05:14: View operative aux power [AV09]
05:14: Control Status Chk operative aux power [AV09]
05:14: Warning: Fence Status [NB] operative aux power [AV09]
09:11: Warning: Aux Fuel (20%) operative aux power [AVZZ]
09:33: Warning: Aux Fuel (10%) operative aux power [AVZ1]
09:53: Warning: Aux Fuel (1%) operative aux power [AVZ2]
09:53: Warning: Aux Fuel (0%) operative aux power [-AV0]
17:19: Monitor-Main operative main power [AV09]
17:20: Security-Main operative main power [AV09]
17:21: startup command operative main power [AV09]
17:21: Command-Main operative main power [AV09]
17:22: Laboratory-Main operative main power [AV09]
17:22: TeleCom-VBB operative main power [AV09]
17:23: Schematic-Main operative main power [AV09]
17:23: Fence Status operative main power [AV09]
17:23: View operative main power [AV09]

-Enter Command
Access Command grid
-Enter code
Fredrik
076(#52/¤)
-Enter code 2
Mr_dna_sys
-Command Level Access
-enter command
Access grid interface
-interface granted

Startup
AB (0)
Security Main Monitor Main Command Main Electrical Main
SetGrids DNL View VBB Access TNL Heating Cooling
Critical Locks TeleCom VBB Reset Revert Emgency
Controll Passthrough Telecom RSD Template Main FNCC Params
Startup
CN/D
Hydrallic Main Master main Zoolog Main
Door Fold Interface SAAG-Rnd Repair Storage
GAS/VLD Main II Common Interface Status Main
Explosion Fire Hzd Schematic Main Safety / Health
-enter commando
Popup standard papameters
/
/
/

STANDARD PARAMETERS
Grid Code Grid Code
Park Grids B4-C6 Outer Grids C2-D2
Zoological Grids BB-07 Pen Grids 4-R4
Lodge Grids F4-D4 Maint Grids E5-L6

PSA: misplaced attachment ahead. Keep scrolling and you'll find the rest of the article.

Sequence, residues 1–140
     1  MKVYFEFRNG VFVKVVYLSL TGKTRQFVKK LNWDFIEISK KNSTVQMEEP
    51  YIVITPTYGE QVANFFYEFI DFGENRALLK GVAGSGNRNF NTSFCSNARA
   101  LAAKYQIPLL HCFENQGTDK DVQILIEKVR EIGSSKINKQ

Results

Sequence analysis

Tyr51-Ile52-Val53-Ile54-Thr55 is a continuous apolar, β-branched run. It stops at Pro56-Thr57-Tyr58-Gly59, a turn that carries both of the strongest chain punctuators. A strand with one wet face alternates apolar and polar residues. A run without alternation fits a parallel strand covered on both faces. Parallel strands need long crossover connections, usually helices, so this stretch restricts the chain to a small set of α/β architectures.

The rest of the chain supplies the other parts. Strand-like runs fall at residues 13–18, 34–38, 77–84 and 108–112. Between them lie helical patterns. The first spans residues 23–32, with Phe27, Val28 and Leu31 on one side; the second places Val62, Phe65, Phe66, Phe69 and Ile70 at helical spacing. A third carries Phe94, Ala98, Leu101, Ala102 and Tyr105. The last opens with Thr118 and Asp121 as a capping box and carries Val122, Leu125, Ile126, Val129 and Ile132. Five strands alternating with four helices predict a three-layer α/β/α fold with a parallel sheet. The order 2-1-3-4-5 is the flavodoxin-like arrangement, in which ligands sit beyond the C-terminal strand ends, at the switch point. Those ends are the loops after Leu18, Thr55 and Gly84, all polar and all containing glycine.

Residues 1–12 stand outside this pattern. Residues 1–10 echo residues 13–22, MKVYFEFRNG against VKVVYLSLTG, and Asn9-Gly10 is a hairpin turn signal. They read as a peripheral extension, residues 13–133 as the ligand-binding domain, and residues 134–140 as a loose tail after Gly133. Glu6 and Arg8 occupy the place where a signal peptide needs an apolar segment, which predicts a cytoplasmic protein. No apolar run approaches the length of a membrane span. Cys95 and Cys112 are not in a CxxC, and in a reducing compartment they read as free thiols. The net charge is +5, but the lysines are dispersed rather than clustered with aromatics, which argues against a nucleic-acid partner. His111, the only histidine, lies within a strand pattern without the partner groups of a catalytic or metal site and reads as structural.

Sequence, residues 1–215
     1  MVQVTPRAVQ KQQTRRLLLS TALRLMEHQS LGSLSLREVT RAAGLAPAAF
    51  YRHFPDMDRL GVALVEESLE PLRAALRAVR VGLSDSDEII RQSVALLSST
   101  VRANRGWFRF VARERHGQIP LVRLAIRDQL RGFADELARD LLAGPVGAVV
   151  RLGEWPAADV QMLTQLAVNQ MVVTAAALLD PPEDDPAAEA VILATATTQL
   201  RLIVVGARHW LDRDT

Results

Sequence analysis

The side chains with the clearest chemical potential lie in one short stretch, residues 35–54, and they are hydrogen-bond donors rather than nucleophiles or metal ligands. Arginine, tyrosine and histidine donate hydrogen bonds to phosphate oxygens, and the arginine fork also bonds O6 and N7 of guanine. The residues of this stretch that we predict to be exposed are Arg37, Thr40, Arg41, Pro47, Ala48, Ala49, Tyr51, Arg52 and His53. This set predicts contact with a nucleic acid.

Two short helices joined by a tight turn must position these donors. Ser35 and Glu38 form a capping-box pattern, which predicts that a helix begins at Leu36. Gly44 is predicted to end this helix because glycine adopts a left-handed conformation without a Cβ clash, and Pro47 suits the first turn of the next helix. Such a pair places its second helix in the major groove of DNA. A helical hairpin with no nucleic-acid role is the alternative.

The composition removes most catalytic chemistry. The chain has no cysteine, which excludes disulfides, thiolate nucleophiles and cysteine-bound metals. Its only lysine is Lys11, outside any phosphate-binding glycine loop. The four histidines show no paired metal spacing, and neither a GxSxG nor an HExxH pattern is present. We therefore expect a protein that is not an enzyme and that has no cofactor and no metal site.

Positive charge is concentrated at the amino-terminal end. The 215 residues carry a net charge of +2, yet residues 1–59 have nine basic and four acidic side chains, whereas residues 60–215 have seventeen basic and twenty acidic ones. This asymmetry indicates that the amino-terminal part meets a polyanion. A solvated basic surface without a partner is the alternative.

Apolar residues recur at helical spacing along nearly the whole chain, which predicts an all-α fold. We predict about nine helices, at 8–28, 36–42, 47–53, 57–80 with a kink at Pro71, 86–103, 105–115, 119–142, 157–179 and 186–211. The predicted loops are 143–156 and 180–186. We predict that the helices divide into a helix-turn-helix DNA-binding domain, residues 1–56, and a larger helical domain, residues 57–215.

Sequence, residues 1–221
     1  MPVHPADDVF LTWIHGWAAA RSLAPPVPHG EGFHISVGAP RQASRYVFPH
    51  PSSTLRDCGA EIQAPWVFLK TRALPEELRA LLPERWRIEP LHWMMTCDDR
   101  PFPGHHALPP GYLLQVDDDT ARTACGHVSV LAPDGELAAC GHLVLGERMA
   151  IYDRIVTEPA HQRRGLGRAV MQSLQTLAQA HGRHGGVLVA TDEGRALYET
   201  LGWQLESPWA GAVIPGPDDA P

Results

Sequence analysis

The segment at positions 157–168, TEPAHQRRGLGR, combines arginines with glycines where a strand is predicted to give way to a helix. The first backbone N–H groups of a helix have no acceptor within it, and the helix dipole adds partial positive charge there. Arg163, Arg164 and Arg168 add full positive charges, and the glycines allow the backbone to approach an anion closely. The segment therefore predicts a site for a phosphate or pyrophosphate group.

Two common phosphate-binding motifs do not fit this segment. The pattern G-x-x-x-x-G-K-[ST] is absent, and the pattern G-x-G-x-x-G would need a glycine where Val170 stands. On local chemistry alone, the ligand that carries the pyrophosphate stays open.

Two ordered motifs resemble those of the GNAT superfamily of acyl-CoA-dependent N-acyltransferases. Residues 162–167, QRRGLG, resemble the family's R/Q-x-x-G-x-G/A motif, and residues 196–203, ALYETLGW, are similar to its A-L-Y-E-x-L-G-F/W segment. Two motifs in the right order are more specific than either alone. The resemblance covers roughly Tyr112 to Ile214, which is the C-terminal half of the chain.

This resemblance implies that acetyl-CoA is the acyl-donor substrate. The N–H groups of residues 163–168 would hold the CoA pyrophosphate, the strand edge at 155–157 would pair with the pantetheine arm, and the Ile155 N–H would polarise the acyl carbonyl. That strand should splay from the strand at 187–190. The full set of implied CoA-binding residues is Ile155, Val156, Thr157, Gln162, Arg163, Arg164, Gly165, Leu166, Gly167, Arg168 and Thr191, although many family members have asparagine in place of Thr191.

Main Grids C4-G7 Sensor Grids D5-G4
Utility Grids AH-B5 Core Grids A1-C1
Circuit Integrity Not Tested
Security Grids Remain Automatic
SUBROUTINES – VIEW
VIDEO INTERFACE ENVIRONMENTAL WATCH

REMOTE CLC VIDEO – H REMOTE CLC VIDEO – P
Monitor Interval Set Hold Monitor Interval
Monitor Control Auto Main Monitor Control
Optimize Sequence Rotation AO(19) DD(33) Optimize Sequence Rotation
Specify Remote Camera Command Sequence RGB Image Parameters

Common Interface
Advide Estimte Order Revive Info Systems Connote
Find Prmtrs Search Monitor Test Delay
Goahead Repeat Report Options Track Delete
Collate Go back Trial

Jurassic Park System Startup
Version 4.3
Startup
AB (0)
Security Main Monitor Main Command Main Electrical Main
SetGrids DNL View VBB Access TNL Heating Cooling
Critical Locks TeleCom VBB Reset Revert Emgency
Controll Passthrough Telecom RSD Template Main FNCC Params

Startup
CN/D
Hydrallic Main Master main Zoolog Main
Door Fold Interface SAAG-Rnd Repair Storage
GAS/VLD Main II Common Interface Status Main
Explosion Fire Hzd Schematic Main Safety / Health
STANDARD PARAMETERS
Grid Code Grid Code
Park Grids B4-C6 Outer Grids C2-D2
Zoological Grids BB-07 Pen Grids 4-R4
Lodge Grids F4-D4 Maint Grids E5-L6
Main Grids C4-G7 Sensor Grids D5-G4
Utility Grids AH-B5 Core Grids A1-C1
Circuit Integrity Not Tested
Security Grids Remain Automatic

Djur Totalt 238
Art Förväntade Befintliga Version
Tyrannosaurus 2 2 4.1
Maiasaurus 21 21 3.3
Stegosaurus 4 4 3.9
Triceratops 8 8 3.1
Procompsognathus 49 49 3.9
Othnielia 16 16 3.1
Velociraptor 8 8 3.0
Apatosaurus 17 17 3.1
Hadrosaurus 11 11 3.1
Dilophosaurus 7 7 4.3
Pterosaurus 6 6 4.3
Hypsilophodont 33 33 2.9
Euoplocephalus 16 16 4.0
Styracosaurus 18 18 3.9
Microceratops 22 22 4.1

Summa 238 238
Djur Totalt 292
Art Förväntade Befintliga Version
Tyrannosaurus 2 2 4.1
Maiasaurus 21 22 ??
Stegosaurus 4 4 3.9
Triceratops 8 8 3.1
Procompsognathus 49 65 ??
Othnielia 16 23 ??
Velociraptor 8 37 ??
Apatosaurus 17 17 3.1
Hadrosaurus 11 11 3.1
Dilophosaurus 7 7 4.3
Pterosaurus 6 6 4.3
Hypsilophodont 33 34 ??
Euoplocephalus 16 16 4.0
Styracosaurus 18 18 3.9
Microceratops 22 22 4.1

Summa 238 292

Sök efter 300
ERROR: Sökparameter hittar inte 300 djur
Djur Totalt 292
Art Förväntade Befintliga Version